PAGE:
delanceyplace.com 10/4/13 - double entry changes the world
In today's selection -- from Double Entry by Jane Gleeson-White. Many of the greatest inventors of the past few centuries are well-known -- Thomas Edison, the Wright brothers and James Watt. However, on a short list of mankind's most pervasive and transformational inventions is one whose inventor goes almost unnoticed -- Luca Pacioli and double-entry bookkeeping:
"The 'father' of double-entry bookkeeping was a Franciscan monk born near Florence in the 1440s. His name was Luca Pacioli. In 1494 he published the first printed treatise on Venetian bookkeeping. Very little has been written on him, but as I researched his life I became more and more fascinated. The monk was also a mathematician, the greatest mathematical encyclopaedist of the Renaissance.
"I learnt that he had been born in the same town and century as one of my favourite Renaissance painters, Piero della Francesca, who possibly taught Luca Pacioli mathematics. I then discovered that Pacioli had taught mathematics to my childhood hero, Leonardo da Vinci. And I began to understand that Pacioli's magnum opus, his mathematical encyclopaedia which contains his 27-page bookkeeping treatise, was published at a watershed in western history: the moment when mathematics was morphing from its medieval form into its incarnation as the lingua franca of science and the modern world. ...
Portrait of Luca Pacioli, traditionally attributed to
Jacopo de' Barbari, 1495 (attribution controversial).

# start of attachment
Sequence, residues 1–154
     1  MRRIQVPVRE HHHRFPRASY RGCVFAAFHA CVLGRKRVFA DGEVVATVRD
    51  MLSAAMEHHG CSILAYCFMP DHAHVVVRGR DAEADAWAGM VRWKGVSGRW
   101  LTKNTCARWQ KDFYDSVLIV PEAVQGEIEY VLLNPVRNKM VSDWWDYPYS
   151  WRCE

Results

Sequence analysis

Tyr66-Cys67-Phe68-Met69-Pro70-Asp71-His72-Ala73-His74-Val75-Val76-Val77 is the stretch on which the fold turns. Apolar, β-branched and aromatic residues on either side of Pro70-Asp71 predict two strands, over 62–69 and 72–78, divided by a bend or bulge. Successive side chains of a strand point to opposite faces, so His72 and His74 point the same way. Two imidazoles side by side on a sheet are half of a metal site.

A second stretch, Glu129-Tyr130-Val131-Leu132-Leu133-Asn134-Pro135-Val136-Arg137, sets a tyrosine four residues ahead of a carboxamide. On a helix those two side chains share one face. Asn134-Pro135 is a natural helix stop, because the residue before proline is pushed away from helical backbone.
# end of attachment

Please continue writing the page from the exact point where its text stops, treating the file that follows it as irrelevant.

"It turned out that just as the wealth of Renaissance Italy was underpinned by a new method of bookkeeping, so the art of some of the greatest painters of the age was underpinned by mathematics -- and Luca Pacioli was implicated in both revolutionary developments. ...
"I began to investigate the possibility that the system of national accounting first theorised by one of my economist heroes, John Maynard Keynes, might somehow be related to Pacioli's Venetian bookkeeping. I discovered that the very same double-entry bookkeeping principles used by the merchants of Venice had been used to construct the national accounts of the United States and Great Britain during the Great Depression and the Second World War. ...
"The rise and metamorphosis of double-entry bookkeeping is one of history's best-kept secrets and most important untold tales. Why? First, because it arguably made possible the wealth and cultural efflorescence that was the Renaissance. Second, because it enabled capitalism to flourish, so changing the economies of the world forever. Third, because over several centuries it grew into a sophisticated system of numbers which in the twenty-first century governs the global economy. This medieval artefact is still in daily use around the world.
|Double Entry: How the Merchants of Venice Created Modern Finance|
|W. W. Norton & Company|
|Copyright 2011 by Jane Gleeson-White|